The Tomatometer rating – based on the published opinions of hundreds of film and
television critics – is a trusted measurement of movie and TV programming quality
for millions of moviegoers. It represents the percentage of professional critic reviews
that are positive for a given film or television show.
From the Critics
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The Tomatometer is 60% or higher.
The Tomatometer is 59% or lower.
Movies and TV shows are Certified Fresh with a steady Tomatometer of 75% or
higher after a set amount of reviews (80 for wide-release movies, 40 for
limited-release movies, 20 for TV shows), including 5 reviews from Top Critics.
Percentage of users who rate a movie or TV show positively.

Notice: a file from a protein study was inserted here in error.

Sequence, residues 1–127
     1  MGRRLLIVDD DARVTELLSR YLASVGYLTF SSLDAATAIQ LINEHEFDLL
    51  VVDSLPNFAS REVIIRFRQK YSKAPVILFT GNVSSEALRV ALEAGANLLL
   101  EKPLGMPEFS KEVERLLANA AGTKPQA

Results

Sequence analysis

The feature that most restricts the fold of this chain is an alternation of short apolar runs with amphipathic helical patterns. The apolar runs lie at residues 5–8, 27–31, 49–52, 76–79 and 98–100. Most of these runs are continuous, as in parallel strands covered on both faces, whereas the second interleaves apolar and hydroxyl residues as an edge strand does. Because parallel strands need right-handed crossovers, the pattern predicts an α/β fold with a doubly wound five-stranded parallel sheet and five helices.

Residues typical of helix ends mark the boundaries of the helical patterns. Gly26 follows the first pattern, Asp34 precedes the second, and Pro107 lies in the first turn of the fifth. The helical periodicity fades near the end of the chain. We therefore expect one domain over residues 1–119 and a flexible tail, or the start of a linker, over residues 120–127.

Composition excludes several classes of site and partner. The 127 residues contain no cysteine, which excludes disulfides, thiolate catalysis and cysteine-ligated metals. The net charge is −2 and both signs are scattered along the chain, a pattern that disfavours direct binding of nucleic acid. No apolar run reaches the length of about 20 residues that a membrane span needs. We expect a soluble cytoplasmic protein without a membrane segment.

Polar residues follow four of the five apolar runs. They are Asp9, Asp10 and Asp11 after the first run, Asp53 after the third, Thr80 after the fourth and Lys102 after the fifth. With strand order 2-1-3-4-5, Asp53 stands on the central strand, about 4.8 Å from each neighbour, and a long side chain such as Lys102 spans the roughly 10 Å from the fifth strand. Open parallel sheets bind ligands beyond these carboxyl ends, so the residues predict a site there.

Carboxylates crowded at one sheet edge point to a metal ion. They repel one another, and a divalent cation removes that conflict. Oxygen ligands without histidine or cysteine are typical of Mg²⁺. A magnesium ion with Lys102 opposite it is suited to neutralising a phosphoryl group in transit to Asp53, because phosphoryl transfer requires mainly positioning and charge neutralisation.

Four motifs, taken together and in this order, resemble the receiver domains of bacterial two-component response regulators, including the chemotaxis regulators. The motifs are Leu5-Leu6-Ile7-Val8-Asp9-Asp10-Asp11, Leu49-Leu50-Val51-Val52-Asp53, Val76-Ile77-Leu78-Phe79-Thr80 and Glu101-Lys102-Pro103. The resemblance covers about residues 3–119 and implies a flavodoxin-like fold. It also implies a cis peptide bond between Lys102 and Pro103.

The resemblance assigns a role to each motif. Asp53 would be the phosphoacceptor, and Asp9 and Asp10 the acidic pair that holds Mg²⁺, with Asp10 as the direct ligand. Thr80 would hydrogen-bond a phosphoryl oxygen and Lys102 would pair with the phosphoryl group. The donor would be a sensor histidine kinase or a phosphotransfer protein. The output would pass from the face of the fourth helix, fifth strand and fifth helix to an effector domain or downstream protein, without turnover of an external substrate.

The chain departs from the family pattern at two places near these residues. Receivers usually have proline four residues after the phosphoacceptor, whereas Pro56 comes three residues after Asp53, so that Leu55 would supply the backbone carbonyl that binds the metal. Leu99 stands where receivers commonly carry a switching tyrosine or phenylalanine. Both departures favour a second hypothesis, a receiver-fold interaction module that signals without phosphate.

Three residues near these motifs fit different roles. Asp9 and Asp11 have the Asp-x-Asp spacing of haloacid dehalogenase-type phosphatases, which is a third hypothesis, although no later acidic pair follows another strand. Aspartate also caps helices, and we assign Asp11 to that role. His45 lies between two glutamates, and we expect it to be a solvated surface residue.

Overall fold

Howland Chamberlain was the quintessential character actor who turned his expertise at playing nervous, fidgety roles into an array of memorable portrayals in some of the most important movies of the late '40s and early '50s. At that time, just as he'd appeared in one of the most acclaimed movies of the decade, High Noon, his screen career came to a halt after he was called as a witness before the House Un-American Activities Committee, where he took the Fifth Amendment rather than testify. Chamberlain, whose name was sometimes spelled Chamberlin in film credits (and in his Variety obituary), was born in New York City and moved to California in the 1930s, where he went to work with the WPA's Federal Theater Project in Los Angeles and met his future wife Leona. According to a 1976 SoHo Weekly News article by Jennifer Merlin, they delayed their wedding as a matter of economic survival, as a married couple couldn't both have jobs with the WPA. In the late '30s, Chamberlain became a member of the Pasadena Playhouse, which was something of a minor league "farm team" for aspiring Hollywood actors. In the mid-'40s, Chamberlain began appearing onscreen in character roles, starting with The Best Years of Our Lives as Mr. Thorpe. His career over the next six years carried him into the casts of a surprising number of crime dramas and film noirs, among them Michael Gordon's The Web, Abraham Polonsky's Force of Evil, Fritz Lang's House by the River, and Hugo Haas' Pickup; these were broken up by work in the occasional comedy, such as A Song Is Born (in which he played a nervous lawyer). Chamberlain also did television work. One example which has endured as his best work was as a pair of identical twins involved in a radium smuggling scheme in the episode "Double Trouble" from The Adventures of Superman. His two most notable screen appearances were in Force of Evil and High Noon, as the vengeful hotel clerk who wishes harm to Marshal Kane. In 1956, after the House Un-American Activities Committee incident, Chamberlain and his family moved to New York, where he resumed his acting career on the stage. Chamberlain appeared in dozens of plays on tour (including A Raisin in the Sun), on Broadway and off-Broadway (in Children of Darkness and The Courageous One), and the Festival in the Park (including Julius Caesar and Anthony and Cleopatra). The Chamberlains later acted together in off-Broadway theater as well, including a production of Morton Lichter's Old Timer's Sexual Symphony (and other notes). He had appeared in small roles again on television as early as 1960, on programs like Bonanza, and by the mid-'70s he was acting regularly in Los Angeles, including productions at the Mark Taper Forum. It wasn't until the end of the 1970s, with Kramer vs. Kramer (in which he played Judge Atkins), 27 years after his last film appearance, that Chamberlain did any more movie work. He kept working in movies such as Fred Schepisi's Barbarosa and Steve Barron's Electric Dreams, until his death from heart and related problems in the late summer of 1984.